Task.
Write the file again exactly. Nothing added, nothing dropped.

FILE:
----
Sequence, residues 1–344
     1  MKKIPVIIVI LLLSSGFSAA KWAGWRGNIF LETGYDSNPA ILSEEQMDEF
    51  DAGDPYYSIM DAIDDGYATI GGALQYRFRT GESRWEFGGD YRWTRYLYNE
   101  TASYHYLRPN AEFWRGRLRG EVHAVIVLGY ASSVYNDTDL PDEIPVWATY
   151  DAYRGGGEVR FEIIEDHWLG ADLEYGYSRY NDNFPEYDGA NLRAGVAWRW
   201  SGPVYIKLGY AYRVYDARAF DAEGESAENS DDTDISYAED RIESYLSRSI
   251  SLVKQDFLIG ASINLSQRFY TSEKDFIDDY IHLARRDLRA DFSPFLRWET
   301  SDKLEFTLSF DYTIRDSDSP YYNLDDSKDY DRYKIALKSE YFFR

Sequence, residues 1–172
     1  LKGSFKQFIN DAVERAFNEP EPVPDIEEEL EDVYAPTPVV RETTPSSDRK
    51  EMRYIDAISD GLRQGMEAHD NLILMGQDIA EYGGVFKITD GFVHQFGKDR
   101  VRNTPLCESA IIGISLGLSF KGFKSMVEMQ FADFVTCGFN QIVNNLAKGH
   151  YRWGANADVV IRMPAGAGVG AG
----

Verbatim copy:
Sequence, residues 1–344
     1  MKKIPVIIVI LLLSSGFSAA KWAGWRGNIF LETGYDSNPA ILSEEQMDEF
    51  DAGDPYYSIM DAIDDGYATI GGALQYRFRT GESRWEFGGD YRWTRYLYNE
   101  TASYHYLRPN AEFWRGRLRG EVHAVIVLGY ASSVYNDTDL PDEIPVWATY
   151  DAYRGGGEVR FEIIEDHWLG ADLEYGYSRY NDNFPEYDGA NLRAGVAWRW
   201  SGPVYIKLGY AYRVYDARAF DAEGESAENS DDTDISYAED RIESYLSRSI
   251  SLVKQDFLIG ASINLSQRFY TSEKDFIDDY IHLARRDLRA DFSPFLRWET
   301  SDKLEFTLSF DYTIRDSDSP YYNLDDSKDY DRYKIALKSE YFFR

Sequence, residues 1–172
     1  LKGSFKQFIN DAVERAFNEP EPVPDIEEEL EDVYAPTPVV RETTPSSDRK
    51  EMRYIDAISD GLRQGMEAHD NLILMGQDIA EYGGVFKITD GFVHQFGKDR
   101  VRNTPLCESA IIGISLGLSF KGFKSMVEMQ FADFVTCGFN QIVNNLAKGH
   151  YRWGANADVV IRMPAGAGVG AG